I am always just a little anxious. From noises, to crowds, to everyday worries, it feels nonstop. Fortunately, it’s something I’ve been aware of for quite a while and have been able to keep it under control. Or so I thought. A recent encounter made me question how well I was controlling my anxiety and led me to a book entitled, Almost Anxious by Luana Marques, PhD. This is what I learned…
The other day I accompanied my husband for a routine doctor’s visit. The medical facility was pretty empty and relatively quiet and since we were not there for me (or anything substantial) my anxiety levels were fairly low while in the waiting room. It wasn’t until we walked in and the doctor began speaking to me in Spanish that my anxiety skyrocketed. My mind drew a blank and I mumbled a quiet “mas o menos” when asked if I spoke Spanish. She quickly switched to English but the damage was done. I was now in fight or flight mode and doing everything I could not to turn and walkout. I immediately went to my rehearsed comments as to the reasons for my poor Spanish and wisely refrained from telling the doctor that I had no plans to return when she told me she would only speak to me in Spanish the next time she saw me so that I could “learn”.
Hours later when my anger subsided, I realized that my anxiety over interacting with Spanish speakers had probably gotten a little out of hand. I was perceiving her unwillingness to speak English upon my return as a threat and it made me angry. The thing is, I never told her I was uncomfortable speaking Spanish or that it gave me anxiety. I gave her the impression that I just got comfortable and stopped trying. Which is not true, I tried, many times, but I found out that I am just not good with languages. That’s when the Spanish speaking anxiety began. I became increasingly uncomfortable with attempting Spanish in public and just stopped practicing.
In her book, Dr. Marques describes anxiety as being on a spectrum. Some anxiety is beneficial. When anxiety and arousal are moderate and performance is high, you are in the “zone” and it can give you an edge when competing in sports, delivering a business proposal or taking a test. As you move along that spectrum and your anxiety doesn’t shut off when you’re out of danger or begins appearing at inappropriate times then it can affect your life negatively. If it has not reached the level of a diagnosable anxiety disorder but still interferes with your life, she calls it “Almost Anxiety”. Studies have shown that this sub-threshold anxiety can lead to other health risks as well as low life satisfaction so it’s important to recognize it and learn tools to help find better balance.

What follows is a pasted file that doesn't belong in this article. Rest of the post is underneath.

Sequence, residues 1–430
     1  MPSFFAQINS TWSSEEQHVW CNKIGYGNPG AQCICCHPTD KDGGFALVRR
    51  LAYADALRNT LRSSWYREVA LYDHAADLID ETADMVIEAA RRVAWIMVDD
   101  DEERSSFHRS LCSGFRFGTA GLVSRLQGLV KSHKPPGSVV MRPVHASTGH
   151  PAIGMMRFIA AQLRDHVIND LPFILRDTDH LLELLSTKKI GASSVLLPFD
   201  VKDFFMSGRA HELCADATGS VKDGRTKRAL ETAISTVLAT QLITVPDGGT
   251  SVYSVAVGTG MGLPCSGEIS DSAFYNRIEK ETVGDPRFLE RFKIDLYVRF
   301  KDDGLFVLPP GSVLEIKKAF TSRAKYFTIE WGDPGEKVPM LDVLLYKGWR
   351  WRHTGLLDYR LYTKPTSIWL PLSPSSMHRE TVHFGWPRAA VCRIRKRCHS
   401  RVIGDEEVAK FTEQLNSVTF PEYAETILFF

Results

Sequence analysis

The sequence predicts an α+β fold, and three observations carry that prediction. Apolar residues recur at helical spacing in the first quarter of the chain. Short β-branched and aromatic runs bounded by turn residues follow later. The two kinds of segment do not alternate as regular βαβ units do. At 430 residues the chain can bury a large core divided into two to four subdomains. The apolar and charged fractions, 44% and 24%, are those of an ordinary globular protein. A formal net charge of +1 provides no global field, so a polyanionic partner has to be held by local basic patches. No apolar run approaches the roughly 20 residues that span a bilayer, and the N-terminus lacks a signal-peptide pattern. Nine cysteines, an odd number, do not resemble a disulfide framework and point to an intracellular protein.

There are a number of quizzes in the book to help you find your location on the anxiety spectrum as well as determine the specific subtype (or types) of almost anxiety you possess. Not surprisingly, I tested just shy of the anxiety disorder threshold. What did surprise me was which subtypes of anxiety I scored highest in. She describes three subtypes of almost anxiety, worry, physical and social. Worry is all about over thinking, not being able to control the thoughts and concerns running through your head. Social is, of course, all about the social interactions of life. Physical is the reaction to the sensations you feel in different situations. Sensations that may make you feel you’re on the verge of a panic attack.
As someone who makes a living off the physiology of the body, I was quite surprised that I scored highest for physical anxiety. I discovered that a lot of my anxiety comes from the dislike or fear over my body’s reaction to different stressful situations. I don’t like the increased heart rate I get from being in a crowd, or the edgy feeling I get from loud noises, or the knot in my stomach sitting at the doctor’s office. I have learned to minimize these feelings with breathing techniques, using ear plugs or just walking away. Which brings me to my next discovery.
Come to find out, what I thought were healthy ways to reduce my anxiety, are actually just different forms of avoidance. Avoiding these sensations keeps me from learning that they are not harmful. They are false alarms. Sound familiar? As we have discussed previously, your body can send false pain alarms when it believes there is a perceived threat. Same thing with anxiety. The anxiety you may get while standing on the edge of a cliff is reasonable due to the potential for a fall but that same anxiety when looking out of a high rise window is a false alarm. There is no threat of falling but your body sends the same sensations as it would if there was a threat. When we avoid these sensations, it becomes more and more difficult for the body to learn to differentiate between real and false alarms.
The physical sensations that my shame brings on when attempting Spanish in public makes it even more difficult to perform. The increased heart rate, knot in my stomach and racing thoughts makes it hard to focus and concentrate on what I am hearing and form the proper response which makes me want to turn tail and run. Instead of giving into the feelings of the false alarm, I need to learn to stick with the conversation and teach my body that there is no threat from my broken Spanish. What’s the worse that could happen? I’ve already told a nun she needed to change the batteries in her TENS unit when they were “mierda”. Which, honestly, wasn’t wrong.
*mierda = sh*t